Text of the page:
Xavier Tillman isn’t the youngest prospect in the country, as he just finished his junior season at Michigan State, and isn’t an elite athlete. All reasons why he isn’t viewed as a first-round prospect, but based on what he brings to the table, I think he deserves to be.
At 6’8 and 245 pounds with a 7’1 wingspan, Tillman won’t ever be an all-star, but he is THE biggest sleeper in this draft and can be a starter in this league. Let me explain why.
Tillman averaged 13.7 points, 10.3 rebounds, 3 assists, 2.1 blocks, and 1.2 steals per contest last season at Michigan State and does most of his damage in the pick and roll game. After setting a screen for the primary ball-handler, Tillman uses his light feet to roll to the basket, as he is very effective catching the ball after rolling off the screen, as he shot 68.1% around the basket down low on the season, and 79.4% on rolls to the basket.
He is very underrated with the ball in his hands, as he can put the ball on the floor for a few dribbles and get to the basket, but also uses the dribble to set up his best attribute to his game, in my opinion, his passing.
Big men who are plus playmakers are such a luxury to have, just ask the Heat, Warriors, and 76ers about their big men of Bam Adebayo, Draymond Green, Michigan State Alum, and Al Horford.
Being able to catch the ball from a guard after setting a screen for him and scoring is a must-have for teams, but big men who can catch the ball, put the ball on the floor and attract opponents and make the correct pass to an open teammate is rare and a game-changers. Tillman is in my opinion, the best passing big man in the draft. His high basketball IQ helps him succeed on not only the offensive side but on defense as well.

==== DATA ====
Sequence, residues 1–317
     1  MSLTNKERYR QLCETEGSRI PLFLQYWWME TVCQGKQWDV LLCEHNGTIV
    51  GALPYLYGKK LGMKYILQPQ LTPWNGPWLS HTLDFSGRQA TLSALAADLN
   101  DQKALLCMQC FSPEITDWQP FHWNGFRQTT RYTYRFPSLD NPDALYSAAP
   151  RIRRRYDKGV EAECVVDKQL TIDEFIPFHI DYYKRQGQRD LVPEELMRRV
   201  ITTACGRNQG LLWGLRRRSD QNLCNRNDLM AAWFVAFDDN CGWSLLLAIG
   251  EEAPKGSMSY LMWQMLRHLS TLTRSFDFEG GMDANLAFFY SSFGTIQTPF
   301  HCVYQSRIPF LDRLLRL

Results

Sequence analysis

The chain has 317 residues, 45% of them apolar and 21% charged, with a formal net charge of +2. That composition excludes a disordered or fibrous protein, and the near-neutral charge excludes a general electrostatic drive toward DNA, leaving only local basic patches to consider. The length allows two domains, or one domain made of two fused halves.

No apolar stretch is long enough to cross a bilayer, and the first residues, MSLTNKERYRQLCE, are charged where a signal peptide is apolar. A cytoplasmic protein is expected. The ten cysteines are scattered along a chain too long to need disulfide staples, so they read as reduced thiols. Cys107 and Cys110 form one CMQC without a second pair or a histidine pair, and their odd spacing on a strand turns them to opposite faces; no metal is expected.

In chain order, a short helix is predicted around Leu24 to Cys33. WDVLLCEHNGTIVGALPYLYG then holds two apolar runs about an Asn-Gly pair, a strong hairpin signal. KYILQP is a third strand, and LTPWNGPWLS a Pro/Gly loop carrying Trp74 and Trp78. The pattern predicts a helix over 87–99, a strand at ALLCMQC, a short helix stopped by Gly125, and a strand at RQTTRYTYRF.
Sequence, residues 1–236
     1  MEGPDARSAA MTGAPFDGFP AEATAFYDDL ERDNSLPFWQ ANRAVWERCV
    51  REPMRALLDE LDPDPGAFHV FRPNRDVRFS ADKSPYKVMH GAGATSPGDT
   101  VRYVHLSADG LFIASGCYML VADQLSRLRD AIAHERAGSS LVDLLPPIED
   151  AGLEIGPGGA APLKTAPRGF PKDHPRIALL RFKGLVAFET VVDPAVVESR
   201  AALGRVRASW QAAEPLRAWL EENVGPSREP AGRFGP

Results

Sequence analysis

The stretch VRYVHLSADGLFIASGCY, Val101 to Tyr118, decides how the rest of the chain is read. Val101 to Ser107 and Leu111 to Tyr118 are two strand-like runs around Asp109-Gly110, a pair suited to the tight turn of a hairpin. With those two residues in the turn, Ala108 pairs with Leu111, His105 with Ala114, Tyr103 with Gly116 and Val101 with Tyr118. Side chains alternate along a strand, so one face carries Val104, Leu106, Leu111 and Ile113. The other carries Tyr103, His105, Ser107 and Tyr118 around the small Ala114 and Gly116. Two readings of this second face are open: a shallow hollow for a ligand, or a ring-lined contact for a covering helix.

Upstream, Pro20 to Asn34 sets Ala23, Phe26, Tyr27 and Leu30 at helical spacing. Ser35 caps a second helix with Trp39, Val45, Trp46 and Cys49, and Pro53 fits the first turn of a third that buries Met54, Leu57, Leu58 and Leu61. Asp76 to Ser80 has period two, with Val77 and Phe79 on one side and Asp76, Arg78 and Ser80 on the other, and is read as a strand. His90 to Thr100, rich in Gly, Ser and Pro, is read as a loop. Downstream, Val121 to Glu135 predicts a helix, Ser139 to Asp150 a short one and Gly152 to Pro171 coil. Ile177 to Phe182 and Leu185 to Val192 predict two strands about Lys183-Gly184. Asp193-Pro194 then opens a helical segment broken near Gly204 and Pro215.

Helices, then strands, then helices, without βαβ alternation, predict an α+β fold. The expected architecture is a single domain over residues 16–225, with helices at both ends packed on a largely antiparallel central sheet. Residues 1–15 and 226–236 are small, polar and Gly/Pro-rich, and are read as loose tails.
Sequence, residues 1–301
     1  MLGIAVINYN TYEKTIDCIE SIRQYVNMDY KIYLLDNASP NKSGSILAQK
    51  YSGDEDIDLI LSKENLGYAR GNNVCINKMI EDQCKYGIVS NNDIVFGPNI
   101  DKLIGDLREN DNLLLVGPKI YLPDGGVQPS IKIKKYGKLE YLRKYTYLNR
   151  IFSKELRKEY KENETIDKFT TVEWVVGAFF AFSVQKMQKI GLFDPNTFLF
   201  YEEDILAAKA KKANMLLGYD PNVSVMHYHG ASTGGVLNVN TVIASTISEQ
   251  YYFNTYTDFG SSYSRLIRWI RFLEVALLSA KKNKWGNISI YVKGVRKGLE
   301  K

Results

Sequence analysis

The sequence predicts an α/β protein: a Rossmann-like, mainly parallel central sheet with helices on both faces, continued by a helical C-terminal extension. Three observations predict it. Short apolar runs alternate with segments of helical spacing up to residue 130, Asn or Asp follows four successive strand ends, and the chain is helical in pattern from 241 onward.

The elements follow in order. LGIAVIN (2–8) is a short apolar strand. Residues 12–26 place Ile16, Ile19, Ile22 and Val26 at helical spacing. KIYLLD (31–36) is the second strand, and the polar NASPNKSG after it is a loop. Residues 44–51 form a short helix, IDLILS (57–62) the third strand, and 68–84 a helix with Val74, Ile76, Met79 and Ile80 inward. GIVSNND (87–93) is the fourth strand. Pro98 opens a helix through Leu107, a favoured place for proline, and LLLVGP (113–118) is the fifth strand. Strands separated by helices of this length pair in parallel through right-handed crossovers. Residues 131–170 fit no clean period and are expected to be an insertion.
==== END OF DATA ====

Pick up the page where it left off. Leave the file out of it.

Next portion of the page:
On the defensive side of the ball, he uses his high basketball IQ and quick hands to deflect balls in the passing lanes, and gets good positioning and has good timing to swat shots away. Like on offense, he’s also versatile on defense, as he is a big that can switch onto perimeter players and hold his own, as he has good lateral speed to do a solid job against guards and wings.
Bam Adebayo is a big than can switch onto guards on defense, and can put the ball on the floor and score on offense, but also provides a great passing ability. Tillman obviously isn’t as good of an athlete and has more limitations, but you’re getting a similar skillset from a big man at a second-round price, which is elite value.
From day one, he can be an immediate producer for a team like the Boston Celtics, who have a couple of late first-round selections, as he can switch onto guards and wings, and is dominant in the pick and roll on offense, attacking the basket, but also being a great passer out of the pick & roll.
He’s a smart, high IQ player, with a very high character that will give maximum effort each time he steps on the floor. For a guy that could be taken in the second round, Tillman can be a starter in this league, and be a glue guy for 10 plus years for an NBA team.
Sam Merrill is 24 years old, which is around four years older than my draft comparison for him, Tyler Herro. The age, lack of elite athleticism, and no NCAA tournament are all reasons why there are NO discussions of him being a first-round pick and is considered a second-round prospect, or even, potentially undrafted.
Why do I have him compared to Tyler Herro? Why do I think if there was an NCAA tournament he’d be considered a late first-round, early second-round prospect? Let me explain below.
Averaging 19.7 points, 4.1 rebounds, and 3.9 assists in college, while shooting 41 percent from three, Merrill does everything you want a shooter to do. He can run off screens, dribble handoffs, and be a deadly spot-up shooter. But he’s more than just a shooter, like Tyler Herro, he can do those things well, but can also be a primary ball-handler and create open looks for not only himself, but his teammates.